O LORD, our Sovereign, how majestic is your name in all the earth! You have set your glory above the heavens. Out of the mouths of babes and infants you have founded a bulwark because of your foes, to silence the enemy and the avenger. When I look at your heavens, the work of your fingers, the moon and the stars that you have established; what are human beings that you are mindful of them, mortals that you care for them? Yet you have made them a little lower than God and crowned them with glory and honor. You have given them dominion over the works of your hands; you have put all things under their feet, all sheep and oxen, and also the beasts of the field, the birds of the air, and the fish of the sea, whatever passes along the paths of the seas. O LORD, our Sovereign, how majestic is your name in all the earth!
Does this correspond to our world today? Do we reflect God’s majesty in the way we care for Creation and God’s people? Where is God’s glory evident? Have we faithfully kept to the tremendous task of caring for this world, are we wise stewards, have we protected all creatures and used the earth’s resources with moderation and concern for the future? Have we treated each other as God has commanded us to, showing love and justice to all?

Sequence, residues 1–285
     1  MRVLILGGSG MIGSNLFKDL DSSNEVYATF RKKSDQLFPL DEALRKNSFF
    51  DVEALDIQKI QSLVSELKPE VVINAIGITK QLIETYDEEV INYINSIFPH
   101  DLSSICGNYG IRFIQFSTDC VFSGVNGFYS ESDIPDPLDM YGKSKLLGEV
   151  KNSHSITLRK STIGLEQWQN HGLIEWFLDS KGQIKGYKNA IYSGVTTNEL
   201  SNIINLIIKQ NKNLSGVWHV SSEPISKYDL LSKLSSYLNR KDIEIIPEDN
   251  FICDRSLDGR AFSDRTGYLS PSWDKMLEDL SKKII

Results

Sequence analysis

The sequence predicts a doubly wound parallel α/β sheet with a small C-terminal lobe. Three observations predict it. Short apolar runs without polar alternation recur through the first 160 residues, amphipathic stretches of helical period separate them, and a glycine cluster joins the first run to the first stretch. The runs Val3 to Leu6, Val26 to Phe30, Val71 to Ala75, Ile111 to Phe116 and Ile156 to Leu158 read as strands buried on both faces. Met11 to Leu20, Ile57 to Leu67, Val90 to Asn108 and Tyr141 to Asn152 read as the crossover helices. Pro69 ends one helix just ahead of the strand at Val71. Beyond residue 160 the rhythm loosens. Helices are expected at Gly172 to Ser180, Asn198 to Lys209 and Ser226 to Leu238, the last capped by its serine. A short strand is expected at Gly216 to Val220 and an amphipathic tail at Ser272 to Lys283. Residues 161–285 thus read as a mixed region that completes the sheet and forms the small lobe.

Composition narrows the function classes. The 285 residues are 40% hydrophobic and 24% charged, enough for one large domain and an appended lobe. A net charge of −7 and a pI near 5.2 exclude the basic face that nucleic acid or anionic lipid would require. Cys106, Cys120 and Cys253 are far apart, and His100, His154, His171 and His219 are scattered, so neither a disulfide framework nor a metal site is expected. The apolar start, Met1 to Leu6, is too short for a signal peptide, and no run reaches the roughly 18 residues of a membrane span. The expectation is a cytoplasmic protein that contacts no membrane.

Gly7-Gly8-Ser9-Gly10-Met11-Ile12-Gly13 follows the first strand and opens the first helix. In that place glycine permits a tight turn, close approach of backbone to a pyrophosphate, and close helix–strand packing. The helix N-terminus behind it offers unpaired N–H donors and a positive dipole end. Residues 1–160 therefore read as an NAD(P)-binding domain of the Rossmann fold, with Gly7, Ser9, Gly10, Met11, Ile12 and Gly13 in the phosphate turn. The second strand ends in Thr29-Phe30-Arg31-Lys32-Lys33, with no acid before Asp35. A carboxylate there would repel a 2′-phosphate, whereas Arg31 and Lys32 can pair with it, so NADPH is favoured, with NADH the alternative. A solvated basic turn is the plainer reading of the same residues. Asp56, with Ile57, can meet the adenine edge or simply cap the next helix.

Our Gospel Lesson for today is Matthew 28:16-20
Now the eleven disciples went to Galilee, to the mountain to which Jesus had directed them. When they saw him, they worshiped him; but some doubted. And Jesus came and said to them, “All authority in heaven and on earth has been given to me. Go therefore and make disciples of all nations, baptizing them in the name of the Father and of the Son and of the Holy Spirit, and teaching them to obey everything that I have commanded you. And remember, I am with you always, to the end of the age.”